Pope Francis will visit the Baltic states next year when Estonia, Latvia and Lithuania mark the centenary of their independence from Russia.
"In principle, we have the decision, we've heard it. Officially it will be announced in December," Lithuanian President Dalia Grybauskaite told reporters in the country's capital Vilnius.
"The occasion is beautiful because the Baltic states will celebrate the centenary," she said, adding that the visit will take place in autumn 2018.
It will be Pope Francis' first visit to the Baltic nations since his election over four years ago.
"It will be a huge gift for Lithuania, and, I hope, also our neighbours," Grybauskaite added.
Catholics constitute about 78% of Lithuania's three million inhabitants, compared to about 20% in Latvia and less than 1% in Estonia.
Spokespeople for the Latvian President Raimonds Vejonis and his Estonian counterpart Kersti Kaljulaid echoed the sentiments of their Lithuanian counterpart.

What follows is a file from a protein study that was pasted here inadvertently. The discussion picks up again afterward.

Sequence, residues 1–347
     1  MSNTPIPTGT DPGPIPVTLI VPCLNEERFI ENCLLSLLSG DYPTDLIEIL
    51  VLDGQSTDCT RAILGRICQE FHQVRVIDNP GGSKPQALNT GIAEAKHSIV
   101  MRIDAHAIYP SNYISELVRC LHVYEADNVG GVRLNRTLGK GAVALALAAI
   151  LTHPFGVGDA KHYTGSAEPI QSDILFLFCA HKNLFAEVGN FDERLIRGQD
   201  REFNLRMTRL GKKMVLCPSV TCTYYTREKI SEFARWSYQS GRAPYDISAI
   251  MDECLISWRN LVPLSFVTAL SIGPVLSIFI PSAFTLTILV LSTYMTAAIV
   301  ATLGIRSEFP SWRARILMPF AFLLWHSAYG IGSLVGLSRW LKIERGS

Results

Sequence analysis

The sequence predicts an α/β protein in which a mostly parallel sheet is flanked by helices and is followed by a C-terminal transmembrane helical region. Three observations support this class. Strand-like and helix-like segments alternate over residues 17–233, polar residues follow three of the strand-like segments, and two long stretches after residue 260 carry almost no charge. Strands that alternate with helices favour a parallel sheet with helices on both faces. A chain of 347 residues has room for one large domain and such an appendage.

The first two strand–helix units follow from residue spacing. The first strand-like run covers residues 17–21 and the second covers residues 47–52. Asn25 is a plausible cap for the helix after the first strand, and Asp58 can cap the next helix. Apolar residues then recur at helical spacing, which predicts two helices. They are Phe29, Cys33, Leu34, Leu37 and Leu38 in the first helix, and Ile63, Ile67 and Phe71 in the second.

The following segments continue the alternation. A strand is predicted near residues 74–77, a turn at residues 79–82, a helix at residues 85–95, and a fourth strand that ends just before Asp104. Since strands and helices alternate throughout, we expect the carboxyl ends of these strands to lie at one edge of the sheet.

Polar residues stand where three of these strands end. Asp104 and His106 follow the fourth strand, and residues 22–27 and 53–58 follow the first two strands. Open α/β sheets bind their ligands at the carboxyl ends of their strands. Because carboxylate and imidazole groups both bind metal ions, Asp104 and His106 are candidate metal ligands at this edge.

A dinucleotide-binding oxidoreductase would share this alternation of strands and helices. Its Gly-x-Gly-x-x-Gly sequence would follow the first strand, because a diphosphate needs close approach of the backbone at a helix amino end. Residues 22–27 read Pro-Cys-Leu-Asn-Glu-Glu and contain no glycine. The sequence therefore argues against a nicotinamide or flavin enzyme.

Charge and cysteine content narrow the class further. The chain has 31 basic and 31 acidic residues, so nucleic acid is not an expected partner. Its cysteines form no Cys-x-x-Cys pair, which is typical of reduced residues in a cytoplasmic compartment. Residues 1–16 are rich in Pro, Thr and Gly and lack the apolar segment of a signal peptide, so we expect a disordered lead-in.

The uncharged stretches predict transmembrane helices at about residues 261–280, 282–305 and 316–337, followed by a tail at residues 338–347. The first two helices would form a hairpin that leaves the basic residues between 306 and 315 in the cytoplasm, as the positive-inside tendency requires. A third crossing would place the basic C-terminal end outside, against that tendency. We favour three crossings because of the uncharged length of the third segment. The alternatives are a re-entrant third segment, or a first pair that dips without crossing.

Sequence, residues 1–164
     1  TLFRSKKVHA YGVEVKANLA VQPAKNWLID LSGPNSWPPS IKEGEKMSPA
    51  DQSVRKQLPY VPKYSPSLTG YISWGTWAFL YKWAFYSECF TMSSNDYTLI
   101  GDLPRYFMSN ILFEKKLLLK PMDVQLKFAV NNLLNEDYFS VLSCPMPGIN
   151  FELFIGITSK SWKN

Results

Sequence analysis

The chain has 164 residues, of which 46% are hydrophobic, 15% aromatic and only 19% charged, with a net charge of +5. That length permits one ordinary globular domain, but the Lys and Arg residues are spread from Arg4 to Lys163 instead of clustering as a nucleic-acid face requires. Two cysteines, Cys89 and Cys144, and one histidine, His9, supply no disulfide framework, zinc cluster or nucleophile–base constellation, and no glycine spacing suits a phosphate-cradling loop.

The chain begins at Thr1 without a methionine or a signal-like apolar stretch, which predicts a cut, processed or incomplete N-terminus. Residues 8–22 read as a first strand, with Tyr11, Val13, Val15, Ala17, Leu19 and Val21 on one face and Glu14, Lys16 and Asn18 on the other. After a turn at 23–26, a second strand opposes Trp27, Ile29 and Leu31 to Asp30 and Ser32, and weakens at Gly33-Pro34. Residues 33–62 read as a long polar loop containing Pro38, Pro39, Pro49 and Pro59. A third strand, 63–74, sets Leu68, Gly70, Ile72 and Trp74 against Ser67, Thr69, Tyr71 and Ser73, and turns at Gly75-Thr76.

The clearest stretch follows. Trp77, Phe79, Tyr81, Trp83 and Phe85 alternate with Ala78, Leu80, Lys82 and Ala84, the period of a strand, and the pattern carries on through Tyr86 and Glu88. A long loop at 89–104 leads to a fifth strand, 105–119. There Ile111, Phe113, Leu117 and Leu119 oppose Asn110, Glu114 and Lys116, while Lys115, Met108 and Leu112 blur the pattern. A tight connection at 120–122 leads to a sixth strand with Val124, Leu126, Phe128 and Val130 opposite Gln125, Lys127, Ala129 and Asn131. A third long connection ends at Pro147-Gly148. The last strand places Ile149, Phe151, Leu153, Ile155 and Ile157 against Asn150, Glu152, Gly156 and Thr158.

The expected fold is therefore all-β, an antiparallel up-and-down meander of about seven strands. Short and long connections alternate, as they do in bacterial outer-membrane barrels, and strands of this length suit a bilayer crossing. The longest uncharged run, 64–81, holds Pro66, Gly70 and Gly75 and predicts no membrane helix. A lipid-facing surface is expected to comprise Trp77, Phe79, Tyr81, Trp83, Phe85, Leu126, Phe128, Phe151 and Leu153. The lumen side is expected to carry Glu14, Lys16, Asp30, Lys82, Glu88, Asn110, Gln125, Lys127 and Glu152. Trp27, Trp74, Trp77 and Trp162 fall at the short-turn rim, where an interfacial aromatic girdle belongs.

A spokesman for Kaljulaid told the Baltic News Service the papal visit to the Baltic states will likely take place from 16 to 18 September next year.
The Vatican never confirms papal itineraries abroad until a few months before they are to take place.
In February, Lithuania will mark the cenenary of its declaration of independence from Russia following over a century of imperial rule by Moscow.
The largely Lutheran Latvia and largely secular Estonia followed by declaring independence later in 1918.
But initially, the trio's independence lasted only 32 years.
In the first year of the Second World War, the Soviet Union annexed them under a deal with Nazi Germany.
However, the three broke free from the crumbling Soviet Union in 1990 and 1991 before joining the EU and NATO in 2004.
The late Polish-born Pope John Paul II visited all three Baltic states in 1993.